FELICITY:

      Right. Yeah.

      BEN:

      That started my Ironman journey that went on for a couple of Ironmans, but that really got me into the triathlon coaching side of it. I was like, "Well, if I'm going to do this, I need to actually figure it out a little bit more," and there wasn't too many coaches around in those days. So, pretty much from that point, 1988, '89, 1990 is when I started coaching. So, that's a fair while ago.

      FELICITY:

      Yeah, that's right.

      BEN:

      As I said, there wasn't a lot of coaches around in those days. It was a very young industry, but there's still some coaches that are coaching currently that were involved in those days, and I still see them semi-regularly, which is pretty funny really. It's been a long time. But that's how I got involved with triathlon, that's how I got involved with coaching of triathlon, really. It was based on my lame performance at Ironman, and thinking, "I better figure this out."

      FELICITY:

      And in your book, you mention living with Rod Cedaro, and I remember Rod because he's from Melbourne. So, yeah. That's back in the day.

      BEN:

      Yeah, and I think I actually met him up there, so it must have been the year before he won Ironman. So, he won Ironman Australia up there. And we went the next year together, and I remember it was the year that he won, and he got reprimanded by the referee post race because when he ran through the age station, the volunteer was handing out one biscuit, and he's just grabbed the whole packet and just scoffed the whole pack of biscuits down so he could keep going. And that was essentially a de-queueable offense. So, he had to plead his, "I'll say sorry. I'll pay my race fee for the next 40 years," type thing to good old Ken and Glenda Baggs who were the race organisers at that stage. So, pretty funny days. But he wasn't disqualified, and he went onto a pretty strong Ironman career, that's for sure.

      FELICITY:

      You wouldn't think of that in today's world, would you? About eating too much food or wanting too much food in a race like that that you'd be disqualified.

      BEN:

      No, and the biscuits were really the go in those days. There was no..

      FELICITY:

      Protein bars.

      BEN:

      No, nothing like that. I remember the power bars came out a year or two after that, and they were those terrible malt.. I can't remember the flavour, but they were malt something. They were shocking. Nothing fancy like we have nowadays.

      FELICITY:

      No, we're spoilt today, aren't we?

      BEN:

      Yeah, very much so.

      FELICITY:

      With choice and flavours.

      BEN:

      Yeah, so that Ironman journey, that taught me a lot. Met a lot of fantastic people in those early years, and people that are still involved in the sport today. Lucky enough to go to Kona in the early years as a coach, not as an athlete. Went to Kona as a coach, and learnt a lot of my trade there. But gee, what an unbelievably hot place that is. Any athlete that goes across there, and particularly from Australia if you're coming from the winter into the American race season, boy, you're in for a..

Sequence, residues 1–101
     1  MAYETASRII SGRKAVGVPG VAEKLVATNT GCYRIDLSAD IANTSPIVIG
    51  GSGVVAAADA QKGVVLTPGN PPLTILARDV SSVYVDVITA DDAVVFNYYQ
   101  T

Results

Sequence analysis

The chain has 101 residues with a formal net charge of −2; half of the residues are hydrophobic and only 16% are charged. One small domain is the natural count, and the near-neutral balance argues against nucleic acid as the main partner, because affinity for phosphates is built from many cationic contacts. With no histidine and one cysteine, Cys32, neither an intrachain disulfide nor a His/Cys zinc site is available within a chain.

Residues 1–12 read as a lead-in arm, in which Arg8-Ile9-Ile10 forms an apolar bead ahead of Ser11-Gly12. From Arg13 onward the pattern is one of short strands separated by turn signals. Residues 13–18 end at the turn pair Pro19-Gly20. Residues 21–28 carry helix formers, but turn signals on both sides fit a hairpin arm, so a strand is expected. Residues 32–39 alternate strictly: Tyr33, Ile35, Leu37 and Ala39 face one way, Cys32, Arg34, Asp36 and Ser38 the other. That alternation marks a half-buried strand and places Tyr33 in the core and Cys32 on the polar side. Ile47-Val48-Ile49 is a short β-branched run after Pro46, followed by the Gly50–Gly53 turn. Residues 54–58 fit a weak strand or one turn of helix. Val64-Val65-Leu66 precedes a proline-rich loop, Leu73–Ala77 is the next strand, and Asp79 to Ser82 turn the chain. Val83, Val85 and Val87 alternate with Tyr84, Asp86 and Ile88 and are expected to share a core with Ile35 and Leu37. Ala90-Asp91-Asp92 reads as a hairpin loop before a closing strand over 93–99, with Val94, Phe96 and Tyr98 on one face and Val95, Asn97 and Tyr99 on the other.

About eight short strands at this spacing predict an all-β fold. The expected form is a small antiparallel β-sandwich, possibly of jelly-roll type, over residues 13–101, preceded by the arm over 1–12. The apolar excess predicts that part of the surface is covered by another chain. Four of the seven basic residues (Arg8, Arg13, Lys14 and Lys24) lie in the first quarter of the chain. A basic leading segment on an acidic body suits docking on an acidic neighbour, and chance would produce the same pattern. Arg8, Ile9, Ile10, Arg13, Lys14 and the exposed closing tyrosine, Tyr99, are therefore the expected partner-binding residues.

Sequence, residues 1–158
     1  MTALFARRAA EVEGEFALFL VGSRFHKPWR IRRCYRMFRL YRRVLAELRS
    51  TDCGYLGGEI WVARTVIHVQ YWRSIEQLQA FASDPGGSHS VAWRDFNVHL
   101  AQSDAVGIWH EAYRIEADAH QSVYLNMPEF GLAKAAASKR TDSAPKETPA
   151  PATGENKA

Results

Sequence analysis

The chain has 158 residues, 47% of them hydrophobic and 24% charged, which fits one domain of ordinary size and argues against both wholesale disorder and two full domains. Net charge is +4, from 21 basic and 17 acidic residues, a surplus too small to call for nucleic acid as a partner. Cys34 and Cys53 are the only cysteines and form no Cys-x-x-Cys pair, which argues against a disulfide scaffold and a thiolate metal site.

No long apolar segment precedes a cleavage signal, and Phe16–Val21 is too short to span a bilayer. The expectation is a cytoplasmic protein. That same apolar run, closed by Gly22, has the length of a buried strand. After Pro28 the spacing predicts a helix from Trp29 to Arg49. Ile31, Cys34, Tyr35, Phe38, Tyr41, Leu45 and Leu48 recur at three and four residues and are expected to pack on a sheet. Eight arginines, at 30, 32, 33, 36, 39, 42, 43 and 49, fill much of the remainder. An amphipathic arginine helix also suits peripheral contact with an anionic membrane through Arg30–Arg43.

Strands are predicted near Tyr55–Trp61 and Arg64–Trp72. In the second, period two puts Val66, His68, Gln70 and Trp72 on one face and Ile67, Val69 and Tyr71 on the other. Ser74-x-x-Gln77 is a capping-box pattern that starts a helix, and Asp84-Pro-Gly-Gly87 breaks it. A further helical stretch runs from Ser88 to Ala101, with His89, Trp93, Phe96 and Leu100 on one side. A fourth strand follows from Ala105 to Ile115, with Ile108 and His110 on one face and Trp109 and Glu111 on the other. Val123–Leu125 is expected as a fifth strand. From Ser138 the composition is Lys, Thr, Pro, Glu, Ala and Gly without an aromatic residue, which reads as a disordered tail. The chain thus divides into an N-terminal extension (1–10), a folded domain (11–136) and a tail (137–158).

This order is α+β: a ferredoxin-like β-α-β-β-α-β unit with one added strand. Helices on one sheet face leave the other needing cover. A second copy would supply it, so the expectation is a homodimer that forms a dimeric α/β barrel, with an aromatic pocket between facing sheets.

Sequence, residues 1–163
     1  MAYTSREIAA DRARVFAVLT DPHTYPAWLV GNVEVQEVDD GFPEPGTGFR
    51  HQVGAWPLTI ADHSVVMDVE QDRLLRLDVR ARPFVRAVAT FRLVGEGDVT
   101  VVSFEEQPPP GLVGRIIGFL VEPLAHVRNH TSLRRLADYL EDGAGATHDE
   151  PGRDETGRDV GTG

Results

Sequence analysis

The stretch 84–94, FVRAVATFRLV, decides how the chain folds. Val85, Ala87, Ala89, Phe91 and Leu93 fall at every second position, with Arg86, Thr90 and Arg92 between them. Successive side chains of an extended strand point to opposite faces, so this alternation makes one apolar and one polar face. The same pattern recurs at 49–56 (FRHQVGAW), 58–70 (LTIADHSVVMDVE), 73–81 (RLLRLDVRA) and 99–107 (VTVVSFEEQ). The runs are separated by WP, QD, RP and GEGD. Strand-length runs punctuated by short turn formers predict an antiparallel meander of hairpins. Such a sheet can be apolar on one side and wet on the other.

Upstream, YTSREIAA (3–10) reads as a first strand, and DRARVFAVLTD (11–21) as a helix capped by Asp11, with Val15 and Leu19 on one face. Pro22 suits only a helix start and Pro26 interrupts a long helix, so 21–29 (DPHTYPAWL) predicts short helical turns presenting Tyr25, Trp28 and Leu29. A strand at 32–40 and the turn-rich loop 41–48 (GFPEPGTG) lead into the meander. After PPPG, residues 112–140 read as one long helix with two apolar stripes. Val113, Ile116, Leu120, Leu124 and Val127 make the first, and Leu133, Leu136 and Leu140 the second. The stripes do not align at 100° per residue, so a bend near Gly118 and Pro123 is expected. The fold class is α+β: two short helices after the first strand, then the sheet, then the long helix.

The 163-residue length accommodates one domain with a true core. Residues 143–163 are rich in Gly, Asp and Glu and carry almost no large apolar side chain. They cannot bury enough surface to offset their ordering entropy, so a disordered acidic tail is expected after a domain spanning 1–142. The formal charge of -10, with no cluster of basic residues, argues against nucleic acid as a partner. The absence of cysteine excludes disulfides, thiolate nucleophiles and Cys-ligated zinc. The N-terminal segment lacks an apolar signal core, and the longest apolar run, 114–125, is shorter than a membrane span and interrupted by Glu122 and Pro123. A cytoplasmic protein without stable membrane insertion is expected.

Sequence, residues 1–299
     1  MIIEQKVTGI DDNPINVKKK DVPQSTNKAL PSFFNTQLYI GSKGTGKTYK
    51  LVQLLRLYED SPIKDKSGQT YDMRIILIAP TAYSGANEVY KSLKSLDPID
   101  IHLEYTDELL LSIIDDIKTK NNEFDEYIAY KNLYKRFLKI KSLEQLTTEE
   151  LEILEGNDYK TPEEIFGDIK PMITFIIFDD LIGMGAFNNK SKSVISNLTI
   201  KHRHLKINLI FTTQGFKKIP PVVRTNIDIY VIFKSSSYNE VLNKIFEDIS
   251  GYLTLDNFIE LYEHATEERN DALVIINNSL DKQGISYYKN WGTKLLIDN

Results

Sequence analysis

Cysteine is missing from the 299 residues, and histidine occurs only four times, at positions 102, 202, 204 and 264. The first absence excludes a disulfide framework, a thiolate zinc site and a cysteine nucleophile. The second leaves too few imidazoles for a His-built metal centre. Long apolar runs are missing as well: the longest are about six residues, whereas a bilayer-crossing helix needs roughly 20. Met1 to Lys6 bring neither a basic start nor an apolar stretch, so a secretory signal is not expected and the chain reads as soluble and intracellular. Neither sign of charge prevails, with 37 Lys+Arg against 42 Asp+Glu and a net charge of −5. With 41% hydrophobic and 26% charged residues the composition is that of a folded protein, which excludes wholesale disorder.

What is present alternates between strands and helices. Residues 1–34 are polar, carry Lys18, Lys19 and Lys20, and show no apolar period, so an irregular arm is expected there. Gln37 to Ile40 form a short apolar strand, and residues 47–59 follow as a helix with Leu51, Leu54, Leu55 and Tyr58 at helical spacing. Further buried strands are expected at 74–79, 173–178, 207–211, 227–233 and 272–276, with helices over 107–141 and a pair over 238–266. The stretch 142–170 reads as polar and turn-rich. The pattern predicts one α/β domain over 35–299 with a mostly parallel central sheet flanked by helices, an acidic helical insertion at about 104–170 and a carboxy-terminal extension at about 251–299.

FELICITY:

      Big contrast.

      BEN:

      Yeah, you're in for a journey, but I fully respect and admire anyone that goes and has a crack. It's a tough gig. So, yeah, that's my Ironman journey. And we went on to.. I think I might have been at something like 20, 21 Australian Ironmans in a row.

      FELICITY:

      Wow.

      BEN:

      Competed at the first few, and then as a coach. So, I've done my stint up in Forster-Tuncurry and then up into Port Mac, that's for sure.

      FELICITY:

      Wow, you definitely know what it's about, what it takes.

      BEN:

      Yeah, lots of years up there.

      FELICITY:

      Absolutely.

      BEN:

      You definitely learn a lot, and you share a journey, like we were talking before. You share a journey with people and you learn a lot about people. And I'd say pretty much everyone that does an Ironman, it's one of the pinnacles of their life, whether it's their first or fifth or eighth Ironman, it's that achievement. It takes many, many hours to accomplish, and that's just not on race day, and there's a big team of people behind it and there's a massive effort and a single focus and dedication to the task. And all those types of things come into it, and people are quite rightly really proud and very chuffed with what they do with an Ironman. You can see why it's still a big deal.

      FELICITY:

      Yes, right, justifiably so.

      BEN:

      Yeah, very much.

      FELICITY:

      Well, I'd like to thank you for joining us today, Ben. It's been fascinating to listen to your story and sharing your insights with our listeners. Our listeners can find you on your website, which is www.bengathercole.com.au and we'll have that in our show notes, as well as on Instagram and Twitter, which is @bengathercole1, the number one. They can also find you in NRG2Perform with Craig, so .com, so we'll have that in our show notes as well, and on Active CEO Podcast. So, you’re on a few different platforms there and keep yourself busy.

      We’d really like to thank you once again for joining us today, it’s been a pleasure.

      BEN:

      Yeah, fantastic. I really enjoy and hopefully it’s been insightful for people that are going to listen. Thank you, Felicity.

      FELICITY:

      You’re welcome, thanks Ben.

      Thanks for listening to the All Torque podcast. We'd love it if you would leave us a rating and review on iTunes. This helps us to deliver content you want to hear about. Please take a moment to share it with your friends and family on Instagram and Facebook. I'm Felicity Dales, see you next episode for another story of inspiration and motivation on the All Torque podcast.